The cat’s out of the bag in this fun manga series. Count Fujiwara’s Suffering follows a house cat named Count who observes the daily lives of the Fujiwara sisters. Though he doesn’t quite understand human behavior, the Count finds himself involved with his two owners and the everyday joy and drama of life. The manga is neatly collected into one complete 500+ page omnibus that collects three volumes of the original story. So let’s see why cat loving manga enthusiasts should give this series a try.
The Main Characters
There are three characters to follow throughout the bulk of the manga. Most of the story takes place in the Fujiwara home and is told through a rotating set of first person perspectives. It always begins with Count introducing himself, the subject of his story, and how things between the Fujiwara sisters and their friends unfold. Sometimes the sisters take turns to tell their side of things. Most of the time it’s from Count’s perspective, but other characters chime in with their own stories too.
First, we have Shizuka Fujiwara – the elder sister who is a 16 year old NEET and former idol. She’s a shut-in otaku with low self esteem and lack of social skills. Instead of finding a job, she’s streaming and interacting with her fans on the Internet. All the while, she avoids interacting with the outside world as much as possible.
Yumeko Fujiwara is the 13 year old younger sister of the household. She’s got somewhat of a perverted sister complex and is your typical tsundere. Count says she’s in her “rebellious phase” because of puberty and whatnot. Despite her attitude, she genuinely supports and loves Shizuka dearly.
And then we have the Count – the five year old family cat who constantly suffers at the hands of the Fujiwara sisters.
The manga uses Count’s feline perspective to frame the overall narrative and connect them with his own experiences. His observations of how the sisters grow and interact with each other demonstrates the changes they’ve undergone over the course of a year. Count’s perspective and musings about the sisters are thoughtful and reflective of the differences in human and animal behavior.
In addition to some cute moe moments, the manga also features some very funny comedy involving Count. I won’t go into the details, but a recurring gag in the book involves an octopus, so I’ll let your imagination run wild with that.
Despite the lighthearted tone of the manga, there’s good doses of character drama with some of the cast. It’s interesting to see the close chemistry between the older sister Shizuka and the younger Yumeko. Although they have different personalities, there are times when they grow to understand each other more and become not as different as you thought at first.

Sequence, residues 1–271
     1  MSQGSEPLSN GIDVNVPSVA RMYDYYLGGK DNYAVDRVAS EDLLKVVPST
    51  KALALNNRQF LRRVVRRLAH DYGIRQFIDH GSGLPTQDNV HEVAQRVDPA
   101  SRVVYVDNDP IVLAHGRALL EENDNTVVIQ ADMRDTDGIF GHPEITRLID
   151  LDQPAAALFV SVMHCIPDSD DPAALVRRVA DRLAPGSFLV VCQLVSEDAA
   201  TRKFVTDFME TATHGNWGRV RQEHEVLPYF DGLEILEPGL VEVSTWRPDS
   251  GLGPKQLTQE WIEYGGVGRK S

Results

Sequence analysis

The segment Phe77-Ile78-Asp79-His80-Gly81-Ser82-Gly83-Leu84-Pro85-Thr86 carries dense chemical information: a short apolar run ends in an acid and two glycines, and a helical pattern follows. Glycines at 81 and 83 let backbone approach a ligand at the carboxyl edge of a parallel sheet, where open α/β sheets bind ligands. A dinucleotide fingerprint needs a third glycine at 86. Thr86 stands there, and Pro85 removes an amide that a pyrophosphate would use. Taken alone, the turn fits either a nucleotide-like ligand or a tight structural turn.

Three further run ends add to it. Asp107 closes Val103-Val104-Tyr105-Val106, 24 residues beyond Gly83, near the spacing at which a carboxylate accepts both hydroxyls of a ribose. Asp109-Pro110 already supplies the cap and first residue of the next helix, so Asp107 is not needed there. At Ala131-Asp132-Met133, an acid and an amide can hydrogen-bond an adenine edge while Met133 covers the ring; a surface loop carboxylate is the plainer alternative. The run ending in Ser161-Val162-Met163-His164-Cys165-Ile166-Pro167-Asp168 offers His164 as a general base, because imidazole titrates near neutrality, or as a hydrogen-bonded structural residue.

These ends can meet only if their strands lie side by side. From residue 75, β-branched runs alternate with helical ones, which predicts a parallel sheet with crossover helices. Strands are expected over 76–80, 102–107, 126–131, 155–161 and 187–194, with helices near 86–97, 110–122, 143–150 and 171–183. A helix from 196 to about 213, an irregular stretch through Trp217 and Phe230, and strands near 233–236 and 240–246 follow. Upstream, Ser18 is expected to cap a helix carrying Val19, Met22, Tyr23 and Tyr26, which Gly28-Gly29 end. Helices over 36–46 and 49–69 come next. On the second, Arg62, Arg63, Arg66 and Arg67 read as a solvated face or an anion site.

For Shizuka, she gradually develops into a more complex character and even unintentionally inspires other characters through some of her selfish actions. She’s scared of the high expectations she puts on herself and that other people will see her as fake. She slowly learns to overcome this fear with the help of Count and her little sister.
Count Fujiwara’s Suffering uses its unique point-of-view to show the growth of the Fujiwara sisters and the importance of family connection. For all the cat loving manga readers out there, I really recommend this as a good read for when you cuddle with your furry feline.
Yumeko’s obsession with her sister lets down the story because of how invasive and creepy she can be sometimes. Some fanservice moments between them are usually played off for laughs, but the manga didn’t really need them to convey how much Yumeko supports and appreciates her sister.
Having Yumeko wanting her sister to stay a NEET certainly drags things down. She pulls off a lot of stunts to keep her confined in the house and defeats the whole purpose of her improvements. Despite my mixed feelings, I appreciate how the manga shows the progression of their relationship through its many ups-and-downs.
The Final Verdict
Overall, I enjoyed reading Count Fujiwara’s Suffering because Count’s narration makes it all worthwhile. If the story had been told in a traditional third person perspective, I feel like it wouldn’t have been as unique. Here, we get to see everything that happens from a cat’s perspective. As a cat lover unable to have pets due to allergies, this book is just a joy to read and makes me somewhat envious. I can recommend it for someone who wants to read something with a lighthearted story, amusing comedy, and dashes of mushy family drama.
Count Fujiwara’s Suffering is published by Yen Press and is available from Barnes & Noble, and RightStuf. For more information about Count Fujiwara’s Suffering, visit Anime-Planet.
Huge thank you to Yen Press for providing us a copy to review!
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